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Cayman Aggressor IV :


Log Date: Saturday, Feb 06, 2016
Entry By: Cayman Aggressor Crew


Charter Date 6th -13th Feb 2016

Air Temp 24C/79F   Water Temp 27C/81F

Shortie or Full Length 3mm

Wind N/W 15-20 kts

Saturday: With strong North West wind in the post we boarded everyone via short dingy ride to the mother ship: Welcome aboard to our 18 guests, welcome back to Gary, Bob and Dale. Chef Kinsley’s BBQ dinner was delicious as always, Baby back Ribs and Jerk chicken!! All of our guests were impressed. After introductions and our safety briefing it was time to call it a day. Some of our guests had being travelling for 36 hrs.

Sunday: We awoke to flat calm seas. The sunrise was idyllic. We started our engines at 6:30 and motored to a dive site called Doc Poulson. This old shipwreck was sunk in the mid 80ies and makes a wonderful artificial reef. Plenty to see on this wreck and easy penetration, Horse eye jacks swimming all around and an Eagle Ray feeding on the sand. As the wind picked up and switched direction it was time to head south to a site called Pedro’s Castle. This has a sand gully that expands out to large pinnacles. Two large Mutton Snappers followed us around for the entire dive. Up in the shallows we enjoyed swimming through the caverns and checking out the oversized Lionfish. Stag horn Coral decorated the top of this area and the amount of life is break taking. At Night this site comes alive and Gary our octopus Whisperer found us a large reef Octopus.

Monday: The sun had not yet broke the horizon and we were making way to the south east corner of Grand Cayman heading for the dive site known as Tunnel of Love. The tunnel from which the site gets its name snakes and turns from 50ft on the wall top and opens out to the sheer wall at 90ft, some natural light makes it way down into the tunnel creating a very atmospheric way to start the diving day. The coral life here is abundant and colorful, sea fans and whips adorn the wall along with blue chromis and yellow tail snappers that speckle the blue like a Guy Harvey painting. A splendid Mexican lunch was laid on by Chef Kinsley to appease the appetites brought on by a great mornings diving. Our next site up was Kelly’s Caverns and with the sun burning thru the stage was for a fantastic afternoon. Kelly’s caverns is very aptly named, a series of swims thrus and gully’s make for a very cool dive especially when we swam face to face with a camera friendly turtle that posed nicely for photos. The night dive at Kelly’s did not disappoint, slipper lobster, cowfish, channel crabs and a free swimming large green moray eel were among the highlights but the star of the show was most certainly an Octopus out hunting and feeding……..a great ending to a brilliant day of diving !!!!!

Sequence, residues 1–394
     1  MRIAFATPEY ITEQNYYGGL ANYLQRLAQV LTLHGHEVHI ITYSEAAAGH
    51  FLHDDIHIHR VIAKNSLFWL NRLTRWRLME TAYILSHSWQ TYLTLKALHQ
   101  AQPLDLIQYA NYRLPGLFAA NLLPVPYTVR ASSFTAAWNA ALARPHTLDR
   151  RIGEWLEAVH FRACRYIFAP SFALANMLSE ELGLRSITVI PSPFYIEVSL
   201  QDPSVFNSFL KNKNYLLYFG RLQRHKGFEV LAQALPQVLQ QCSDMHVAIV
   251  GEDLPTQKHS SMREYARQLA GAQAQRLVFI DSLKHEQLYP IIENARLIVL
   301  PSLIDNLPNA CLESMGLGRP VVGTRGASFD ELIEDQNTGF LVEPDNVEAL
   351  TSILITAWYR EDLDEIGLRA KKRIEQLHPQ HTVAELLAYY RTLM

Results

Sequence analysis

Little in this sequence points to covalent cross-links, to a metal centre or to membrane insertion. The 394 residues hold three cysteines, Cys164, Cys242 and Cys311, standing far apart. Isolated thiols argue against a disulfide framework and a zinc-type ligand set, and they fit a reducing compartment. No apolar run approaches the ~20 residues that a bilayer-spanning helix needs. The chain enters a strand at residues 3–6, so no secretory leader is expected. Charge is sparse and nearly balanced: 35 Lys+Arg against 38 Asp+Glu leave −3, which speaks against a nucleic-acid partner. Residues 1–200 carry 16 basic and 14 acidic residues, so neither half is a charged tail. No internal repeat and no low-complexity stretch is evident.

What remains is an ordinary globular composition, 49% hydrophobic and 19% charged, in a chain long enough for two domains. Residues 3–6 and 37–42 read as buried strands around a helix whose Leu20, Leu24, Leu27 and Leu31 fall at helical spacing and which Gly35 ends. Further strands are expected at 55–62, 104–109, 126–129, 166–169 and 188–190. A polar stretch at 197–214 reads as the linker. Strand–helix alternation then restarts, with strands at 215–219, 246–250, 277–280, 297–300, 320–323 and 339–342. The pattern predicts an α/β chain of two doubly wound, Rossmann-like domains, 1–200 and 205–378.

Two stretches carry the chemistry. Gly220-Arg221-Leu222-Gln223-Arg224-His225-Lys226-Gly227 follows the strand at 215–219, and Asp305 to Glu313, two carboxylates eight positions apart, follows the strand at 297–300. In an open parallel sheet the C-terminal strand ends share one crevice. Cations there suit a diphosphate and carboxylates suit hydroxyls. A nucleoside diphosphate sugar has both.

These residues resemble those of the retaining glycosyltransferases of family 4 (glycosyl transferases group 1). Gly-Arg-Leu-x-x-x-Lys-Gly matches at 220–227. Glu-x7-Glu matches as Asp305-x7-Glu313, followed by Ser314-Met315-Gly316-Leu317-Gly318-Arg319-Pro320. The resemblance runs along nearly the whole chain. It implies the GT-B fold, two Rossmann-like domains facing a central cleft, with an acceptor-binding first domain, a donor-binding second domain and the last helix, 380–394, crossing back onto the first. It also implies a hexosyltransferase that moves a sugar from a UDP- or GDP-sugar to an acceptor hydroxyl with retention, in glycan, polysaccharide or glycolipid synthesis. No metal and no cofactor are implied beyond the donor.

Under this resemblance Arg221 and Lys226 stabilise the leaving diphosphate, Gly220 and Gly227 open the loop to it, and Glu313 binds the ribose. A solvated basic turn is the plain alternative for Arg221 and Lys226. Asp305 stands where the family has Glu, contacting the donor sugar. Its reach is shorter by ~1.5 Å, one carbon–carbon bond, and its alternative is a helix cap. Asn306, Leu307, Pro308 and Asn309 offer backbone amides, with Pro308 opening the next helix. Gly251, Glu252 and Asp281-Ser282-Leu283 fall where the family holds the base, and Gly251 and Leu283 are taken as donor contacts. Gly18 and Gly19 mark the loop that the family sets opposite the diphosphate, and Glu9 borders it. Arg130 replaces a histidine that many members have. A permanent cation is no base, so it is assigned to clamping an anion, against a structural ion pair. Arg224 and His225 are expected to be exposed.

Tuesday: Awaking to the sound of our engines starting up, we slowly moved to the south east corner of the island to a dive site called “The Maze” known for the possibility of seeing Reef Sharks, it did not disappoint with the sun shining out over the ocean. Staying there for two dives we encountered a young green moray underneath the boat, a turtle as well as some smaller schooling creatures. Half way through the dive was when some guests pointed out a 5ft reef shark slowly making its rounds. Smoothly gliding through the water it stayed around for a solid 5 minutes, though felt longer. From an Italian lunch to an hour long siesta wherein during that time we moved to another location called “Lighthouse Reef” this had its mooring ball missing so the likelihood of other dive companies diving the site over the last few months left the reef in a beautiful pristine condition. Several cracks in the mountain sized coral, sharing a similar feeling to bloody bay wall of Little Cayman. It was a home of several crawling critters like lobsters and some of the smaller crabs; the guests came back talking about friendly turtles, lobsters, 4 angel fish sharing a meal as well as the blue chromos gathering along the top of the mountain reef. Chef Kingsley prepared a wonderful “Surf and Turf” meal for dinner while the boat was moving to our final location of the day a site by the name of “Spots Reef” where the guests had a night dive waiting for them. Seeing a vast amount of lobsters they were startled to see a nurse shark joining the ranks of creatures spotted today and ended the day with some nice warm hot chocolate, a hot towel and a hot tub, ending an amazing sunny day.